That’s a tough one because they didn’t have the controversy when we got them in the league. They already had signed on. I think our presidents have a real concern about the action taken by the (North Dakota) legislature (to keep the Fighting Sioux logo). We did not and will not get into the fight. I know they tried to get us into the fight. Whether or not the logo is appropriate or inappropriate – what we worry about is the NCAA had a deal with them and now they were forced to back out of that deal. If they are in violation and the NCAA sanctions remain in place, we’re afraid of what the outcome of those sanctions will create at the University of North Dakota in two ways. No. 1, the pure NCAA sanctions of not being able to host a postseason event will really hurt their ability to be successful in football. That’s one of the things that we really think is important. But more important, as long as the NCAA has those sanctions, we’re starting to see a grass roots protest against the University of North Dakota. We know that they’ve lost scheduled games. We know there have been mini demonstrations when they travel. If those kind of things grow, then their use to us as a solid Division I program in the Big Sky begins to diminish. At that point in time, then it could affect if we want them as members. People try to drag us into this fight whether the Sioux nickname is appropriate or not appropriate. That’s the not where our presidents are. They are engaged in the second part of that conversation.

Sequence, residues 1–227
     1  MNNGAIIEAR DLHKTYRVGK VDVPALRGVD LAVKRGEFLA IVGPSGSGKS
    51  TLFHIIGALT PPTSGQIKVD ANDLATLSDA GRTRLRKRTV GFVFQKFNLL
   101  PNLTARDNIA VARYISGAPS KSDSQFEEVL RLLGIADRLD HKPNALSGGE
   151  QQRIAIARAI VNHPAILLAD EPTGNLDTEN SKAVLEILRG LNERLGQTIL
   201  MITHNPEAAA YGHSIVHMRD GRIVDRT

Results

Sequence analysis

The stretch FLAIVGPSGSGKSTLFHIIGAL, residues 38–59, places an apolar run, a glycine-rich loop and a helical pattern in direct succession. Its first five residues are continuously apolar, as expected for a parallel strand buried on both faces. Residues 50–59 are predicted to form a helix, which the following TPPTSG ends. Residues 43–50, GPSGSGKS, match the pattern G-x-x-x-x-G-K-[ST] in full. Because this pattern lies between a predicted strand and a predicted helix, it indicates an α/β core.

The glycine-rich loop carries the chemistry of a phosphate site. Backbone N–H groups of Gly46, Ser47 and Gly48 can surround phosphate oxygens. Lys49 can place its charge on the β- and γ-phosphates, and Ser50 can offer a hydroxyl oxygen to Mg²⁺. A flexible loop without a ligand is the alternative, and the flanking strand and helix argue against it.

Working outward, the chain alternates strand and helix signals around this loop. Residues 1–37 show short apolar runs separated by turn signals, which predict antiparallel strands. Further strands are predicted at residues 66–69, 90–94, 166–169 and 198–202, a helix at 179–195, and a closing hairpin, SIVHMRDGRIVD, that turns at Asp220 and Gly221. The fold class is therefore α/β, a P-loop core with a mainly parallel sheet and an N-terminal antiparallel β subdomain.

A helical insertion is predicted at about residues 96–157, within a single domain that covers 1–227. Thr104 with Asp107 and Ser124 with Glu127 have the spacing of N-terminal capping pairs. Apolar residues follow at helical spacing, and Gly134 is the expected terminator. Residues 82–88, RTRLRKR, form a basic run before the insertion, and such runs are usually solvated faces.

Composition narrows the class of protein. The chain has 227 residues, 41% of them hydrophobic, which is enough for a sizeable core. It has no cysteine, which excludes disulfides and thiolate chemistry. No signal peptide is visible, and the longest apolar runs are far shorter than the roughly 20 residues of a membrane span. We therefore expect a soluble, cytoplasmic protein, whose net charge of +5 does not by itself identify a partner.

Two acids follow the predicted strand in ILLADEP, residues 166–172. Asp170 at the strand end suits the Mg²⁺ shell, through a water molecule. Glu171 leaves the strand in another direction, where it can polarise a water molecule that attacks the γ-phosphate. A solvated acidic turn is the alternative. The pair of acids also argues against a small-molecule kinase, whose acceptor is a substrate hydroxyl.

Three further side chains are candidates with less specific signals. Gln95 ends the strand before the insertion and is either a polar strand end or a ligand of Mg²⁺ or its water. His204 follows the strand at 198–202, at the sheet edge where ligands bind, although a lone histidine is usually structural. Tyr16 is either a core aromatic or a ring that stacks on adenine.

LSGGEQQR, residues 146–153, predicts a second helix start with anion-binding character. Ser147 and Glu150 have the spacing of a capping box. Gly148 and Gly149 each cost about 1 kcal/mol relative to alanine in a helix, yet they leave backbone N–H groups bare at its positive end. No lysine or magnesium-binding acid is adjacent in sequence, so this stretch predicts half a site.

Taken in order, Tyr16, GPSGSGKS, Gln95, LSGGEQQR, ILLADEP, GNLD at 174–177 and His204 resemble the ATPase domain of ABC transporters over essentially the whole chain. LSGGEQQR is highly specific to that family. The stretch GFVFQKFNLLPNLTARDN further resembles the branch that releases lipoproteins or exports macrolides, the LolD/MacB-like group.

When you invited North Dakota, South Dakota was expected to be part of the package, but USD went to another conference. With the school being so far away from the rest of the conference and all of the logo issues, do you regret inviting North Dakota to join the league?
Not at all. Let me tell you what they did and this is the way our league looks at it. Our league looks at the institutional fit first. We had the opportunity to get a research-type institution. It’s an institution that would elevate our educational profile. That was the key to presidents’ move. If you look at the moves we make, I have to get the institution past the “institutional fit” first before I can even take a look at their athletic program. We feel like they’ve elevated us in some ways. Again, when you hear me say that, you’re probably saying, “these people do look at world differently than maybe some of the other conferences have.” And quite frankly, I think some of the other conferences have made some hasty decisions in what schools they brought into their league that actually almost ensure that the league will break apart at some time in the future.
What about the conference shuffle going on in rest of the country? How do you think that will play out?